one can see that what seems like a race-track game with the kids is actually a way to collect different procedures for dealing with cancer. It listed differnt types of blood-works taken when one collected a token during the race, as well as listed other procedures such as chemotherapy. While I did know of the procedure of chemotherapy, I was not previously aware of all the different types of bloodwork taken while being treated for cancer, therefore, as a gameplayer, my real-world knowledge was increased from playing this particular game.

What was most present though was the emotional forethought put into this game. Let’s take this scence for example [I’ve enlarged it a bit]:


We can see hear the warm colors of the sun contrasted though with the hospital lime green of the Intravaneous fluid attached to the toddler. Specifically, what you can’t see, or hear that is, in here, is the baby’s crying. I remember having to turn down my computer’s volume when the baby cried, because of how loud and rough it was. This certainly was the most emotional part of the game-play- and in particular- made me as a gameplayer more aware of the struggles of taking care of a toddler  while you are in fatigue and exhaustion, on top of the worry for the baby’s well–being itself. \

Certainly, this game brings out the cultural awareness of the dealings with of cancer in the most practical, simulated sense. I would rate this game an 8.5-9/10.

Character development and communication in gaming

There are a lot of ways that characters can be developed in games. This could be something as simple as their communications with other characters in the game, dialogue, or simply a narrative. Every game has a different approach to the way they develop their characters, however almost every game depends on some form of communication to achieve this. Some of my most favorite games such as the Ratchet and Clank series on the Play Station Portable follow the idea of using a narrative to develop characters. The game uses short films in the middle of game play to both develop characters and further the plot of the game. This form of character and plot development is seen quite often in many games.


Journey is one game that uses a very different way to develop the main character and communicate between characters and the gamers. Journey is set in a vaguely Egyptian region, with appearances of several things such as many glyphs and symbols and of course the figure that possibly depicts the Egyptian goddess Isis, that point to this Egyptian influence. The way this game communicates between characters and gamers is something I have never seen before and find very interesting. Throughout the game, we control a robed figure that travels through a desert towards the mountains in the distance. What’s surprising to me was that the game had no mechanics allowing us to communicate with other characters, and we didn’t even see any cinematic scenes where the characters talked.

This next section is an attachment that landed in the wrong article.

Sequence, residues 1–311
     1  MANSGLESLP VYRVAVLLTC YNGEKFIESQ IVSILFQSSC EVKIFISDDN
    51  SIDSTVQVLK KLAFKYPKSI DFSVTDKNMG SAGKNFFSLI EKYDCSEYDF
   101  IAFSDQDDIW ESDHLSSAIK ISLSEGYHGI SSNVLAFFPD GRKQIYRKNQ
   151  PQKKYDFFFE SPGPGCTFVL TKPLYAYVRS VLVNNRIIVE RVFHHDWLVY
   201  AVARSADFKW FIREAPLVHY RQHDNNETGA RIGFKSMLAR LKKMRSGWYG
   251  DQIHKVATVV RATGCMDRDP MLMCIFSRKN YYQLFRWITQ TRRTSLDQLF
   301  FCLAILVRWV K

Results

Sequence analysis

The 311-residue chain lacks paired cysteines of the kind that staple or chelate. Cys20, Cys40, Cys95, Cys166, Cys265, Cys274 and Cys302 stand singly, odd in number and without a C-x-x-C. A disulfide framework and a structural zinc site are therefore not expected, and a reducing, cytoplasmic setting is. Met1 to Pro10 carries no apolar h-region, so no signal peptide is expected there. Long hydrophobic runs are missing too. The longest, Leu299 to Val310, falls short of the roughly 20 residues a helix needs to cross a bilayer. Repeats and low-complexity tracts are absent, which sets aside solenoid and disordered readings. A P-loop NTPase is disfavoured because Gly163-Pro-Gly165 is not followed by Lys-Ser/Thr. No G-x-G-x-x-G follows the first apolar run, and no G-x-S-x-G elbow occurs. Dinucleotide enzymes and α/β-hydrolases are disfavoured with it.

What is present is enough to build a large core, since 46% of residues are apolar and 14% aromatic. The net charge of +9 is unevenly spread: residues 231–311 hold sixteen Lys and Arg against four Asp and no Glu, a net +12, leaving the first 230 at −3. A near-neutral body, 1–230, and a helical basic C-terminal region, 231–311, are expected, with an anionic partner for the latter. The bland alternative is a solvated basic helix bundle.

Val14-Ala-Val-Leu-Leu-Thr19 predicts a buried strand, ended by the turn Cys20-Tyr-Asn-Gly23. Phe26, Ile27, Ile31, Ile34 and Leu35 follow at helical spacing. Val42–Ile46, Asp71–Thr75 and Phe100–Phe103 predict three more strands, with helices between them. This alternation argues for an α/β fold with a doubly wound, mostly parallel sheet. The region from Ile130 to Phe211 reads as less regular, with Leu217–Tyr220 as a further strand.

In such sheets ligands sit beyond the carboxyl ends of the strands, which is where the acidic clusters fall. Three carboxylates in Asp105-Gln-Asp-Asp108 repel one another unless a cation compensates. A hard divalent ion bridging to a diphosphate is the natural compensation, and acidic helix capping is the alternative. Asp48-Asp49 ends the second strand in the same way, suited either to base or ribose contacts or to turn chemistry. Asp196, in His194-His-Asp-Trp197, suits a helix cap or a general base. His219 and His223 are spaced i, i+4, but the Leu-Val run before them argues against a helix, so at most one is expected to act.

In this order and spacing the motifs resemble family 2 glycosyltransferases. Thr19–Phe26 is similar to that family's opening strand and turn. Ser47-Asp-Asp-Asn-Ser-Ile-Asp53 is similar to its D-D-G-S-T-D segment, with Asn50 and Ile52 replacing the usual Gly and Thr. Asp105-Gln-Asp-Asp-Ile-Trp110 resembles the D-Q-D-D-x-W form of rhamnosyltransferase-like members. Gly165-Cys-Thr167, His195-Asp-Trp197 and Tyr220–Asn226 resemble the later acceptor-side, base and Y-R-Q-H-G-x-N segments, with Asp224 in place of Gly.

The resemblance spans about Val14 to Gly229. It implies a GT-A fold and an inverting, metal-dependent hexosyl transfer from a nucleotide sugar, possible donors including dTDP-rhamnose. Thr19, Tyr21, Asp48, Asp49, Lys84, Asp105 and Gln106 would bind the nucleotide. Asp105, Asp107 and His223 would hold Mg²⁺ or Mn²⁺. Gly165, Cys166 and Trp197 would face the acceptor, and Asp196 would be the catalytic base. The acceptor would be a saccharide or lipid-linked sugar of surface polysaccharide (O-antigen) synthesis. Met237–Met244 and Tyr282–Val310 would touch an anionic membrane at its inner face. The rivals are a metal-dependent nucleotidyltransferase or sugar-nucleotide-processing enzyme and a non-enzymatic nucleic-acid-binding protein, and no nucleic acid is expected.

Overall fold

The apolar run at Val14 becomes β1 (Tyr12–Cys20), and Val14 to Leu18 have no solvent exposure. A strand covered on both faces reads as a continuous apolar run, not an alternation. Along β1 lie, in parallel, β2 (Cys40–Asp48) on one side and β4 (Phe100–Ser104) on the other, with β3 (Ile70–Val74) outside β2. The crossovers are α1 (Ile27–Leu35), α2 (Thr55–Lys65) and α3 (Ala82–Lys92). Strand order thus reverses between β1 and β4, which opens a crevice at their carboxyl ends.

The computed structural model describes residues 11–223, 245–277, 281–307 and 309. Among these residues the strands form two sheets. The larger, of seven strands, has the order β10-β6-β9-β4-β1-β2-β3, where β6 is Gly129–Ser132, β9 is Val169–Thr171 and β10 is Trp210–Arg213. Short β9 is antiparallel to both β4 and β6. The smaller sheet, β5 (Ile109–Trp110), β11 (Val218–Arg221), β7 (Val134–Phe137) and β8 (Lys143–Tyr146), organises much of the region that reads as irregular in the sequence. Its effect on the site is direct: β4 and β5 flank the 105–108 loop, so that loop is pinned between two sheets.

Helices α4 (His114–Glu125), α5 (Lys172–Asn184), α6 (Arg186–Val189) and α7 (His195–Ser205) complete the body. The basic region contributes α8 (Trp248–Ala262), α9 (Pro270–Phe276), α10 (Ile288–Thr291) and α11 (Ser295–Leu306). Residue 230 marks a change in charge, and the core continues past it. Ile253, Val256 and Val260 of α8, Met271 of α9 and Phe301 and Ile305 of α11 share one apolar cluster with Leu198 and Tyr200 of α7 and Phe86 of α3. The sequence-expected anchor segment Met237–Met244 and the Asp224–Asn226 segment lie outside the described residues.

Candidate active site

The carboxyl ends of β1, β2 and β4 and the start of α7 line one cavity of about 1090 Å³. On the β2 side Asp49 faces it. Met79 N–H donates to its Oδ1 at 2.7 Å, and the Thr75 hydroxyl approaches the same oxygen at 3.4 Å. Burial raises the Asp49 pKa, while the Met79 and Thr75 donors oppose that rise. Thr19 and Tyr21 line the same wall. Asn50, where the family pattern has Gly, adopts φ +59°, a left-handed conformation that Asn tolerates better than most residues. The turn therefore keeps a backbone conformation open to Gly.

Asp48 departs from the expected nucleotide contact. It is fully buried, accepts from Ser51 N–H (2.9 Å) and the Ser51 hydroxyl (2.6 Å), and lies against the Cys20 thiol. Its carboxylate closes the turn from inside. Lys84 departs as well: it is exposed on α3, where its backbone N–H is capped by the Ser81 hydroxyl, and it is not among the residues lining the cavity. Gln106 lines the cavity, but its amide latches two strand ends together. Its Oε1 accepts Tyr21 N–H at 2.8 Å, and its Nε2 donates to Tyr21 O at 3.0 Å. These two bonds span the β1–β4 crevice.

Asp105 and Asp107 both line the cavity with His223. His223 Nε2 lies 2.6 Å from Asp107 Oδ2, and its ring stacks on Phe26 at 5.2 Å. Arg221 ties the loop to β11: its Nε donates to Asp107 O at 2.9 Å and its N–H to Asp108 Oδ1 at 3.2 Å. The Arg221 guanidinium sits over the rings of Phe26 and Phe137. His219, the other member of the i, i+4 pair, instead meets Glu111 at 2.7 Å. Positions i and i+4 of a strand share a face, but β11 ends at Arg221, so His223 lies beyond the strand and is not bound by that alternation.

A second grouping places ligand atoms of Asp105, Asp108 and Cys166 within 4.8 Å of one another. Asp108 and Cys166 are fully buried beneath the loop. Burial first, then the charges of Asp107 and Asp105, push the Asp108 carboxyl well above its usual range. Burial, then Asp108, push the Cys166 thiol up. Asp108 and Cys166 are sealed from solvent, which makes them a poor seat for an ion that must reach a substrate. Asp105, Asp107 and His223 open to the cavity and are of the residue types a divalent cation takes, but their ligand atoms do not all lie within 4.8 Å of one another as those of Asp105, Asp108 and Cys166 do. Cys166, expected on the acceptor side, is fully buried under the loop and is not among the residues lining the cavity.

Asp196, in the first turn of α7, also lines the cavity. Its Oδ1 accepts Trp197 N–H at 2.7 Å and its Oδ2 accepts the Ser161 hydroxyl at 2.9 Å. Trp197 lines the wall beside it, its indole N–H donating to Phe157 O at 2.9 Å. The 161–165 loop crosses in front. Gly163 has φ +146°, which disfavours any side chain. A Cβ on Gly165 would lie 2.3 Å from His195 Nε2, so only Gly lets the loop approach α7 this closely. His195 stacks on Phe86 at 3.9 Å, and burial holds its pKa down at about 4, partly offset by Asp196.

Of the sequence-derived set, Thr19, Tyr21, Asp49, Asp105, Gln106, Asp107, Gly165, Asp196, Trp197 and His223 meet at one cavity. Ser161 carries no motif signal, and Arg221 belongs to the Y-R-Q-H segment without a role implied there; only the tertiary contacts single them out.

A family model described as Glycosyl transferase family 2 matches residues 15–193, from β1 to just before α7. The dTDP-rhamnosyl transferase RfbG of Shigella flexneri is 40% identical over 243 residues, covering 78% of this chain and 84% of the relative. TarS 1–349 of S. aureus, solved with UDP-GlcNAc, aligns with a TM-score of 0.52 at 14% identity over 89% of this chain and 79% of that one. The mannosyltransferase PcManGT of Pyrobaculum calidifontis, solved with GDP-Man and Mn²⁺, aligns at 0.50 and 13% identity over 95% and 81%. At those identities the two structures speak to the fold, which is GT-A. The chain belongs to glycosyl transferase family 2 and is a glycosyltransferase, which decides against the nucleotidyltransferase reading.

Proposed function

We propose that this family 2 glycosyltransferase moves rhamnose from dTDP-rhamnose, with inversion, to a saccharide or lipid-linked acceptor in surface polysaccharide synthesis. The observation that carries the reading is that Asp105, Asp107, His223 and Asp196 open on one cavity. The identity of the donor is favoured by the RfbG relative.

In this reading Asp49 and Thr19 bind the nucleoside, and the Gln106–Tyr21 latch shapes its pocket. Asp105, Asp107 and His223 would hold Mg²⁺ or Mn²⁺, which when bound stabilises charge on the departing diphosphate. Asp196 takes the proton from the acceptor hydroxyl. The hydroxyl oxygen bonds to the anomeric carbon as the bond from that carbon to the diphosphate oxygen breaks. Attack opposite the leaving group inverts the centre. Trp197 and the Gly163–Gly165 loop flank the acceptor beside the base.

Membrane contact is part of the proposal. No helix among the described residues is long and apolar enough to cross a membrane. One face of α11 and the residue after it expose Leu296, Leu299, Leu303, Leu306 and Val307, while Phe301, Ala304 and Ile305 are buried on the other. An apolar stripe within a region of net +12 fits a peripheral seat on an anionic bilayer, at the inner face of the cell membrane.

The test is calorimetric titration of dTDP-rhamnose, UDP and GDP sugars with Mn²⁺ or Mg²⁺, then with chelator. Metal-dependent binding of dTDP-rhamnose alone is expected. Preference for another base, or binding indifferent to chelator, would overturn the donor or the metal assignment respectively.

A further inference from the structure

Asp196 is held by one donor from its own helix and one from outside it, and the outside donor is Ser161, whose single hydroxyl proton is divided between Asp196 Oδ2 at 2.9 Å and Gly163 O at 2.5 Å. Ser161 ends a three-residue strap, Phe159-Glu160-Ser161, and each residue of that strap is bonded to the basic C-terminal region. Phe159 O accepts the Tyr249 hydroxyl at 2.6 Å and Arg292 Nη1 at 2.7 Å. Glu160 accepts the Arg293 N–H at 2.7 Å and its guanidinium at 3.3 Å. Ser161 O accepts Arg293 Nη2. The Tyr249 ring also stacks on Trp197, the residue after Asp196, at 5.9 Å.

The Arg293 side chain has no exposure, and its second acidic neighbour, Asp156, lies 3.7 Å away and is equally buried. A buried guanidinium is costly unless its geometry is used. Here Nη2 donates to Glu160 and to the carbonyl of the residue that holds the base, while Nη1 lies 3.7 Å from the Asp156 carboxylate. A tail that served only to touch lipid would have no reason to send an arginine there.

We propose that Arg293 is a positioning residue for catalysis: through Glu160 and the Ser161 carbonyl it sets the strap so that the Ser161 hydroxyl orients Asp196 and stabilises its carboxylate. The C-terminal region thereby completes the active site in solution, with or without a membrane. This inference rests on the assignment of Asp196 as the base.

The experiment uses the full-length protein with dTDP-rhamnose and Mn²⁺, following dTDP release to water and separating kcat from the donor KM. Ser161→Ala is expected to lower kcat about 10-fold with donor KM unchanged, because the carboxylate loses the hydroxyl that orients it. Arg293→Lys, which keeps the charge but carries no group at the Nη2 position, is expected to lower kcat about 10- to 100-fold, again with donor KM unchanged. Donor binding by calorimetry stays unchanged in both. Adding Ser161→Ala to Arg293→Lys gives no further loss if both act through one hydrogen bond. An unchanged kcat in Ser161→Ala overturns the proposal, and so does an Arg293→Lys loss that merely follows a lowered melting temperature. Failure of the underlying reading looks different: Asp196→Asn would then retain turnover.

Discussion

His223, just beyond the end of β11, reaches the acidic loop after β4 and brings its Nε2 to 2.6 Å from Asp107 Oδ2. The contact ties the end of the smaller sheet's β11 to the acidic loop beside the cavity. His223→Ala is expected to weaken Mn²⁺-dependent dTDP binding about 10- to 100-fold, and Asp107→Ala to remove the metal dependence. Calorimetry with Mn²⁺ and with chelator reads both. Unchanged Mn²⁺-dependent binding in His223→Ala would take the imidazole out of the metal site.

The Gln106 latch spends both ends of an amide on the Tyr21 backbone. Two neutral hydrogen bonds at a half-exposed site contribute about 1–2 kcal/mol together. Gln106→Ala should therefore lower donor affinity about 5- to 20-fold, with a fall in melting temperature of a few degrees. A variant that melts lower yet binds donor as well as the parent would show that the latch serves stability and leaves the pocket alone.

We start off as single player but often come across other characters, soon to realize that these are actually other players playing the game from around the world. Usually in cases like this, you would expect to be able to communicate with those players, for example, in Lord of the Rings Online, the world chat enables us to communicate with those characters, and we can also interact with them, and challenge them to duels or form a fellowship with them. However, in Journey, we can’t do any of this and the only possible way we could “communicate” with those characters is by “singing” and signaling to them. I found this form of communication very interesting, and after watching a couple of walkthroughs, I found that gamers ethos plays a big part in the game. I saw that many gamers would guide new gamers through the game and wait for them as they followed them – even though they didn’t actually know them. The game has an overlaying theme of maternity and has a very calm feel to it, and the actions of the gamers really represents it. The game shows clear and definite themes of romance, and this game really shows that games allow portray their creativity by using familiar themes in and shows that the same effects can be achieved in different mediums in variety of different ways.

Sunk Cost versus Characterization

There are a lot of good reasons to like a character in a narrative, whether it is a novel, movie or even video game. They can be written well with witty dialogue, have upstanding morals, or even can just be attractive. But there are those characters, who, like in Journey, are likable despite not saying anything or doing anything significant on their own. Now, there are micro-manipulations writers and developers can make to influence the consumer to actually want to like their creations (e.g. their physical mechanics including gracefulness, their coloring, the music that plays when focusing on them), but one possible thing to take into consideration is how much time the player is putting into these characters, and how that interacts with the character’s likability.

There’s a well-known fallacy/concept known as the sunk-cost fallacy, in which a businessman (or investor, etc.) will continue to put resources into something, despite having already put irrecoverable resources into it with no real gain previously, simply because they invested in it (and often heavily). This fallacy mostly is constrained to the world of economics, where it is most relevant, but it may be interesting to investigate its possible interactions with video games.

“Failing to Ignore Sunken Costs”